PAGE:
But really -- There was this commercial about some electronic gadgetry, or the future of possibilities, or maybe it was soap, but it was going on and on with these images of people all over the globe, in all cultures and countries, using all manner of computerized consumer products to email, web-surf, phone, fax, scan, and even track "friends". There was one image with some words that conveyed the opinion that, in the not too distant future, you can "subscribe" to your friends and look up their exact planetary location at any given time.

Does this disturb anyone else?

Not only that particular trick, but this entire trend of always on, instantly connected, always aware?


Seriously, it's getting to me. Yes, I own a cell phone, but you'll have to trust me when I say I only own it and only use it for emergencies. It's a security blanket for a single woman in this crazy world, who drives a 50 mile round trip commute daily. I swear the only time it's an indulgence for me is when my sister and I are out and about and decide we should phone Applebees for a carside dinner to go.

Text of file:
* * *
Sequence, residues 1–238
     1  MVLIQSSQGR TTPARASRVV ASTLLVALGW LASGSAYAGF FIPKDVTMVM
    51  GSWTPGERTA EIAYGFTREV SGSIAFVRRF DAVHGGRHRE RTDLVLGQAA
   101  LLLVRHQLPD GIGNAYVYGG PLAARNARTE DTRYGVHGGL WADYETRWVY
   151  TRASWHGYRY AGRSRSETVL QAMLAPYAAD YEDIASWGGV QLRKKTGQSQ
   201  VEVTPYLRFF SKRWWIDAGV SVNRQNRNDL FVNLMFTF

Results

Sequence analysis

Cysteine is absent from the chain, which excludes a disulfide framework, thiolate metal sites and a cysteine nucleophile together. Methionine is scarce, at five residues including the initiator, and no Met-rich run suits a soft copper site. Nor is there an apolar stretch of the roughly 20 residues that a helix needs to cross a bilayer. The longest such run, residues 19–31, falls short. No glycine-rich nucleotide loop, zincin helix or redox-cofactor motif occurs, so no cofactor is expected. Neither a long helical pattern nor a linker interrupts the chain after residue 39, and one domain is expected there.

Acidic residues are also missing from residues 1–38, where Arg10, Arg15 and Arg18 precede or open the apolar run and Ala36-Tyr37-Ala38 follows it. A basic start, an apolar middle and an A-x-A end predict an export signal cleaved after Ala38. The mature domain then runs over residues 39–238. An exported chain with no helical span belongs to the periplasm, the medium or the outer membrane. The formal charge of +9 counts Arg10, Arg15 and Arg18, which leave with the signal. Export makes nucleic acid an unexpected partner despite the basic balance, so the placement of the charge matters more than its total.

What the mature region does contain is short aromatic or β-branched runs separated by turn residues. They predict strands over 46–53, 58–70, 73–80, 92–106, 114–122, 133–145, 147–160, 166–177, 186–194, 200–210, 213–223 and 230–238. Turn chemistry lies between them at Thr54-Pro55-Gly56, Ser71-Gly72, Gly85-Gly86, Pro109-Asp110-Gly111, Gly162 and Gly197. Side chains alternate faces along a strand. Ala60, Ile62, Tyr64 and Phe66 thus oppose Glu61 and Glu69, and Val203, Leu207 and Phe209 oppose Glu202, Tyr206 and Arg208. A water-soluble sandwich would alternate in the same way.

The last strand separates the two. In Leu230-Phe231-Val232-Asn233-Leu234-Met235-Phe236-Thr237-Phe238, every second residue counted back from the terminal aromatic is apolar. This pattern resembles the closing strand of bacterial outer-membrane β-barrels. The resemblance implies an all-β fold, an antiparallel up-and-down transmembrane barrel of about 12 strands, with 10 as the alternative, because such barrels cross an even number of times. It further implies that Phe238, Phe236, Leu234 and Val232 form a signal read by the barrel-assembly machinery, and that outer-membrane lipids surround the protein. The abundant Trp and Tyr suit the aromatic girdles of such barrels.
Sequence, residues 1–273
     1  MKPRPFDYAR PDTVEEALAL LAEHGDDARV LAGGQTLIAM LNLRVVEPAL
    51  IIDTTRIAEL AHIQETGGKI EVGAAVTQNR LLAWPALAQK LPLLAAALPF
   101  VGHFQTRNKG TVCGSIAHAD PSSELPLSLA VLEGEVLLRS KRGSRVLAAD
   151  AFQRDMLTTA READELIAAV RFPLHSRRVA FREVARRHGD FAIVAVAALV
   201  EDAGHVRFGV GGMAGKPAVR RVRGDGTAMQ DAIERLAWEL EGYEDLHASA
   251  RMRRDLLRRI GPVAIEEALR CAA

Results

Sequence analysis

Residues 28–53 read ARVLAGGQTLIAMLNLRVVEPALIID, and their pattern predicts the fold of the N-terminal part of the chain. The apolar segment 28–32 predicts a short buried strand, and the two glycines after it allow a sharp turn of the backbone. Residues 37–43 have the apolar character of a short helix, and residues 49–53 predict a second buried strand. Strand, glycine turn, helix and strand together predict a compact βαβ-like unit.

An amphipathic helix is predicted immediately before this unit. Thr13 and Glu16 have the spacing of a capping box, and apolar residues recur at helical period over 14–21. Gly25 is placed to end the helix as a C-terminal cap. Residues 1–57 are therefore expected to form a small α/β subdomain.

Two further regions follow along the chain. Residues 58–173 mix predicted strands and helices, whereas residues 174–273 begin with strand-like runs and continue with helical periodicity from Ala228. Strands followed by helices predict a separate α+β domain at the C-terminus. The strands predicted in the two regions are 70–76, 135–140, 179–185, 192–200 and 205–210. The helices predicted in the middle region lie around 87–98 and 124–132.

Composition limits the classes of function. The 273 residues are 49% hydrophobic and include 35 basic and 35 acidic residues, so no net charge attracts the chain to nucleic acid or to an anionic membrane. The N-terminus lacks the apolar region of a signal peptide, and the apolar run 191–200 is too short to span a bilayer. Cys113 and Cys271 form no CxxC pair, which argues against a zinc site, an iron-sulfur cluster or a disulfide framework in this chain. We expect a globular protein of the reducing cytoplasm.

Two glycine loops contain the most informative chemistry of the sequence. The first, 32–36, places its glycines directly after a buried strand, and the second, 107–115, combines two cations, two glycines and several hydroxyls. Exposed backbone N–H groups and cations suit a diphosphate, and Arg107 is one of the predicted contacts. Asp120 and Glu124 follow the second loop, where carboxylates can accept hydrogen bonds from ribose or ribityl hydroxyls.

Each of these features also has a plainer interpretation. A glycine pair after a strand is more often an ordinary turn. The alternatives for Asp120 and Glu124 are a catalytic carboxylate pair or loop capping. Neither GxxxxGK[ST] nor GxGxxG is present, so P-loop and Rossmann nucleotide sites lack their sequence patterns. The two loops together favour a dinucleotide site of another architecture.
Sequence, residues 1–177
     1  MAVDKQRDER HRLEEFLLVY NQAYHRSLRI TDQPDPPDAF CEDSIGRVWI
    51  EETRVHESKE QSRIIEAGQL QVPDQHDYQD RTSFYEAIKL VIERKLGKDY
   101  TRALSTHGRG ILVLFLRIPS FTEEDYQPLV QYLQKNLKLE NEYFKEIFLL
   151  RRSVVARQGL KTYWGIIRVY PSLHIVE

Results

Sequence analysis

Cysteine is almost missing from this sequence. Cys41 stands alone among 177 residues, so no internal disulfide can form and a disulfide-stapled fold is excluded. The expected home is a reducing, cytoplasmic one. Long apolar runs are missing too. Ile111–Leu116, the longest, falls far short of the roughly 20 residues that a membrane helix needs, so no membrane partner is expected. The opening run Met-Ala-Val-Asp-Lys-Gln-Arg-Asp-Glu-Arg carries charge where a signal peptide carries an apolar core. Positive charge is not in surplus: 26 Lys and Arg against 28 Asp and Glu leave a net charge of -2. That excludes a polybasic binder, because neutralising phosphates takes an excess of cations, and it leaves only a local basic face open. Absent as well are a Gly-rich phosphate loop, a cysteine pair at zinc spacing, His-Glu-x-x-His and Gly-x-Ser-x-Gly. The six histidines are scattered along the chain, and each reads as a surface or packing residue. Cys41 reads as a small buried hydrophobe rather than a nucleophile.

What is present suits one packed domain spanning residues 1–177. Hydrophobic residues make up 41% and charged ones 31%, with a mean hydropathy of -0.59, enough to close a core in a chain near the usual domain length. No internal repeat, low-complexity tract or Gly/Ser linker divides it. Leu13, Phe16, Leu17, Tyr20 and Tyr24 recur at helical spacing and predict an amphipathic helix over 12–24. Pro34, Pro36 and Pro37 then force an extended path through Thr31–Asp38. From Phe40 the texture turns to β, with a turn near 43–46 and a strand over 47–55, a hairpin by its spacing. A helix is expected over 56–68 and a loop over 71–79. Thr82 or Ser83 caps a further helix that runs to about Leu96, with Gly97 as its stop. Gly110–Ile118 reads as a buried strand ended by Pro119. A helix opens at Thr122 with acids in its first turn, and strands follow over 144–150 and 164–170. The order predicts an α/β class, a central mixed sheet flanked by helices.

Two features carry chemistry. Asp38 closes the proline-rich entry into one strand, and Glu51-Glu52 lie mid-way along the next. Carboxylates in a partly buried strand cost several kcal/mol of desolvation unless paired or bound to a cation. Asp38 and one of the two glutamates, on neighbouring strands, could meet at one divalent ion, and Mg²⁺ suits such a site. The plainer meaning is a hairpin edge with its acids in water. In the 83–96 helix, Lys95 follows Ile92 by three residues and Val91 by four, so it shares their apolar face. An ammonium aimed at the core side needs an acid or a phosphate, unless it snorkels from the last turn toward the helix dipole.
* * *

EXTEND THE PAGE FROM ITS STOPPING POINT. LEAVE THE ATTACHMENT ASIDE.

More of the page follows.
Yes, I have satellite TV. Yes, I even have cable internet. And okay, twist my arm and you'll notice I use a DVR to record programs automatically (look, ma, no vcr).

But suddenly, as I'm watching that commercial, it all felt very suffocating. I do mock people who have the Internet on their cell phones. Those self-important types who feel the need to check email while sitting at their son's school play. The guy watching a movie on his laptop, his cell phone and his FREAKISHLY HUGE hdtv, all during his supposed train commute to work.

I read somewhere that 80 percent of all cell phone calls people take in public are faked. That they're just pretending, in order to look cool. You know why I keep my cell phone on while I'm in public? Because it shows me the time. I don't wear a watch.